Gold To Silver Ratio
When we look at the gold to silver ratio, silver has a big problem compared to gold temporarily at least. It hasn’t had this problem historically but it has had this problem for roughly 140 years now.
|Essentially the producers of the world wouldn’t accept it as money. Throughout history silver and gold were money and were found throughout the world. An important property of money is that the source has to be found all around the world.|
Now there are silver and gold mines throughout the world. But for example, there is a problem with platinum in that approximately 80% of it is mined in South Africa and roughly 10% is mined in Russia. Because of this the rest of the world wouldn’t want to accept it as money.
In the late 1800’s the centre of the financial world was in Europe, all those countries were very strong and what was happening was all these silver mines were being discovered in the new world, North and South Americas. What that did to the money supply was reducing the purchasing power of the European’s money supply and increasing the purchasing power of these countries.
|So the Europeans power realised their money was being devalued because their finding more silver in the new world and decided to refuse to accept silver for payment of debt. Because the production of the world and the world’s economic power was in Europe they could get away with that.|
The Americans and Chinese still used silver as money but looked at a money vector,
You have to look at where the economic powers of the world were, who had the most flow and control of money, and that was Europe. So when Europe decided they weren’t accepting silver any more the gold to silver ratio plummeted.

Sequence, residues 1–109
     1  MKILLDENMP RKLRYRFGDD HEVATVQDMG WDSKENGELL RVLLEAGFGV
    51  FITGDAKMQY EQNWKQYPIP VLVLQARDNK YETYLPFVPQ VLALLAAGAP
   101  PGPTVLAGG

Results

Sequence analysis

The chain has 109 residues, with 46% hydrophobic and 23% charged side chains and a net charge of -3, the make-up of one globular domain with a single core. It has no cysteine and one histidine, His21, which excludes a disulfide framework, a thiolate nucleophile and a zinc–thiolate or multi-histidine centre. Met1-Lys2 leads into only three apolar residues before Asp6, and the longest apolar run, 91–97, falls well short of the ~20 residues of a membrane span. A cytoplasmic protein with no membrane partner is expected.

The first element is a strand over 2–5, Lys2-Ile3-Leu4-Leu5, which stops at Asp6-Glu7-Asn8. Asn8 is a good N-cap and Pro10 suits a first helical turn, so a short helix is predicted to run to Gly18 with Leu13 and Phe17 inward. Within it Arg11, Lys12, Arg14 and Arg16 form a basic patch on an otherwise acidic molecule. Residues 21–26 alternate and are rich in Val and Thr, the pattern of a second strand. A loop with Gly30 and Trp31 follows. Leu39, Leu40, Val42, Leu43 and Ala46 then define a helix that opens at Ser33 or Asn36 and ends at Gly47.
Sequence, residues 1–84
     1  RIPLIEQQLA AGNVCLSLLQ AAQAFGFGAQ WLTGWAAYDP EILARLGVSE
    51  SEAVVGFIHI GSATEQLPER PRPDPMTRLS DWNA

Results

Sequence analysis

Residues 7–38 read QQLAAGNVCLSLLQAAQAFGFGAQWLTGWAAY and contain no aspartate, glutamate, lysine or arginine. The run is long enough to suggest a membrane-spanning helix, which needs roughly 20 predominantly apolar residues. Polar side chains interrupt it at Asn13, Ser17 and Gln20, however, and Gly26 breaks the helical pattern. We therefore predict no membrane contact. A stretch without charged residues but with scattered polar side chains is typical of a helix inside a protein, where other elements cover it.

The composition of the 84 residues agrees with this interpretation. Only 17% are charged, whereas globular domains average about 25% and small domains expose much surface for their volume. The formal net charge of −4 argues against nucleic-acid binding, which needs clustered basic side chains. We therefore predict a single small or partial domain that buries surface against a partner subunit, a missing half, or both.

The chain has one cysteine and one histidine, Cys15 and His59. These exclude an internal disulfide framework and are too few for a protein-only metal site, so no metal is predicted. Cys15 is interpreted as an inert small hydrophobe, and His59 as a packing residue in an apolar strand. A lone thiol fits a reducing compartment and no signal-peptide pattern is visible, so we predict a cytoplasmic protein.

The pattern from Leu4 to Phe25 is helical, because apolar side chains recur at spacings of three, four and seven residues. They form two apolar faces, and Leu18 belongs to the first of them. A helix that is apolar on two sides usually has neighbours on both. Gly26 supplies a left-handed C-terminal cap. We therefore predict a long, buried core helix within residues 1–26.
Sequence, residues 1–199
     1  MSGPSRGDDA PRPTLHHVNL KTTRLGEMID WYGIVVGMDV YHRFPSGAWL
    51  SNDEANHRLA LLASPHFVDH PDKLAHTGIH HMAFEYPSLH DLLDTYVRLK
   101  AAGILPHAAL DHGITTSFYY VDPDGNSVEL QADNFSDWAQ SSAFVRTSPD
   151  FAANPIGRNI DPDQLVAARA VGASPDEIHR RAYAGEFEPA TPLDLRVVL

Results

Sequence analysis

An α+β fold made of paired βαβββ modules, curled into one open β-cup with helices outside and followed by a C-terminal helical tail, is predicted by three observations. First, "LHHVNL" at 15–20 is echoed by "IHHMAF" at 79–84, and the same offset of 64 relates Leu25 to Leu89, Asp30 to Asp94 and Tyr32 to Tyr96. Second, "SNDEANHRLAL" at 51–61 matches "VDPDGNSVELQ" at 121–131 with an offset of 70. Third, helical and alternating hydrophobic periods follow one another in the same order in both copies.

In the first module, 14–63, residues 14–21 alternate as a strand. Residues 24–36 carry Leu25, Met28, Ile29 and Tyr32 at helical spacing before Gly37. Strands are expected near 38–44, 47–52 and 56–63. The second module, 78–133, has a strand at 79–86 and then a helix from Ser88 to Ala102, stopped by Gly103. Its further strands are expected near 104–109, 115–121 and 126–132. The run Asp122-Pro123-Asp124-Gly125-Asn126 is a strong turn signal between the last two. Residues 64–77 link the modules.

Gold has an advantage that other metals don’t have. The supply of gold is very stable because gold is not consumed. All the mining in the world only adds less than 2% supply to it. So when the European’s refusing to accept silver it caused mass inflation of gold. The gold holders won and the silver holders lost.
So the money vector really depends on the production of the world, the financial centres of the world etc and that’s similar to the problem that silver has now. We hear about all the central banks holding gold, if the producers of the world say they’re not going to accept silver as silver backed currency, the money vector of that silver and silver backed currency doesn’t go up. If they accept the gold, the money vector of that gold goes up.
However the power of the world is shifting, all this production is moving to Asia and China, and if Asia and China decide to accept silver as money and it turns out that the real production of the world comes from there, the money vector of silver will go way up.
So essentially they’d be calling the shots. Basically the money of the world is determined by who will accept it, the Chinese have the worlds production, a big population and resources they might decide to start accepting silver as money and with the westerners refusing silver, the Chinese have the bigger money vector because they have more production, more population and more resources and the silver vector will go up.
So in conclusion based on this logic, in order for the gold to silver ratio to fall it will take the economic strength of the world to shift to Asia. It looks like it’s going to happen eventually anyway. It could take years but if the western banking system panics and try’s to resist silver, with the Asia production growing like it is they might find they have no choice.
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